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climbing wall with real rocks
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By JustinS
Feb 13, 2013
I've got lots of extra lumber and a large barn. Would like to make some sort of climbing area but want to use real rocks. Anyone ever done this? I'm thinking that I'd have to have a certain type of rock and a counter sunk hole in it. I'd also like to make a few crack routes with longer, skinny flat rocks. Am I just being silly or is it possible? Any experts?

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By scott cooney
From La Casa Taco
Feb 13, 2013
11th hour of the Sundial
hammer drill and the right size bit and you'll be good to go. I've used jug sized rocks in the past of different rock types without issue. for the crack idea you'll need more than one bolt pre rock and that could be tricky to line up with a predrilled pattern.

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By bearbreeder
Feb 13, 2013
be wary of rock fall ... seriously ...

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By Gunkiemike
Feb 13, 2013
I've done it plenty (200+ drilled rocks). The hardness of the stone REALLY matters. In bluestone (type of grainy shale) you don't even need any hammer action, just a good carbide masonry bit in a 3/8" drill. I like sedimentary rock because it often cleaves to leave a flat side. Granite can be a real challenge esp. if there's quartz crystals in it. I've also had real trouble with some limestone. Uneven sides can be made level with some epoxy puttly. Be aware that if the barn is unheated, the holds will be very cold in the winter.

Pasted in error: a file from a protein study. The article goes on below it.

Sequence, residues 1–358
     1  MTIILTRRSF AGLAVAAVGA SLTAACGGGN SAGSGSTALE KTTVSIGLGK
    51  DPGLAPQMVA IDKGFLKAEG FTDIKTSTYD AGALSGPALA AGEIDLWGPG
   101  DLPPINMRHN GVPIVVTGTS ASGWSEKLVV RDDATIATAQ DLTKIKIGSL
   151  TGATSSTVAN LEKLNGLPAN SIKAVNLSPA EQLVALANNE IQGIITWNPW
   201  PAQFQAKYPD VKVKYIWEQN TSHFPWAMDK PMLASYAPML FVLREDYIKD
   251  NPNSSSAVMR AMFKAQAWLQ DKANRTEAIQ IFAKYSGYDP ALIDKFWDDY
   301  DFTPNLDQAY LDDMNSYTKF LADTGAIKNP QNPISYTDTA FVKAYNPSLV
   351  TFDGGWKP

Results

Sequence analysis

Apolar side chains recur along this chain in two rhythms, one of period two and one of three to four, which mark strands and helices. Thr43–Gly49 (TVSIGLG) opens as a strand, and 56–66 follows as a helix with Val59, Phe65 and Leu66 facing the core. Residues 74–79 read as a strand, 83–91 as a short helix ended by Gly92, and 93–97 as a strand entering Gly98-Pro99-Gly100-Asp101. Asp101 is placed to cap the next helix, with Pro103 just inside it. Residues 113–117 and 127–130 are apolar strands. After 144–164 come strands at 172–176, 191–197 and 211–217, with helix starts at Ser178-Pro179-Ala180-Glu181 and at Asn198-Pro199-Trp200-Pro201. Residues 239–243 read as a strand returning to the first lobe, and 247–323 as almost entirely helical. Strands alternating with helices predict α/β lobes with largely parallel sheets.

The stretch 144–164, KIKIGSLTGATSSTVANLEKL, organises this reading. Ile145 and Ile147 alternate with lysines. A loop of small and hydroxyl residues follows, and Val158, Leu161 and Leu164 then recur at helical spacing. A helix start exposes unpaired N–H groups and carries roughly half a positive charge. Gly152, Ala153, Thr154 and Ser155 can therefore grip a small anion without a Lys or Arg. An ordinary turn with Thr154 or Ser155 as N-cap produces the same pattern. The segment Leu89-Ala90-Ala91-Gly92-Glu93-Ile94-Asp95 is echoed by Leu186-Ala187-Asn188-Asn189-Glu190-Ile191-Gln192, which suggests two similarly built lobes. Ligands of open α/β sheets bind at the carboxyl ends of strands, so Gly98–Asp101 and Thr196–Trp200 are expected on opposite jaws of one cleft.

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By IamDman
Feb 13, 2013
avatar
that will be really cool! Post pictures please

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By Chris Rice
Feb 13, 2013
Anyone here remember the old Petrogrips made from real rock? Haven't seen them offered for sale for years now but I love them - we have quite a few of them at our climbing wall.

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By Ray Pinpillage
From West Egg
Feb 13, 2013
Middle
Ever considered just going outside?

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By Zach Myers
From Prescott, AZ
Feb 13, 2013
You could probably use pieces of granite or other rock without flat sides by using a masonry cutoff wheel. This would make a flat side and you could easily make something that could be bolted down flat to a climbing wall.

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By Andy Librande
From Denver, CO
Feb 13, 2013
Me in the Buddha Cave at crumblewood a while ago.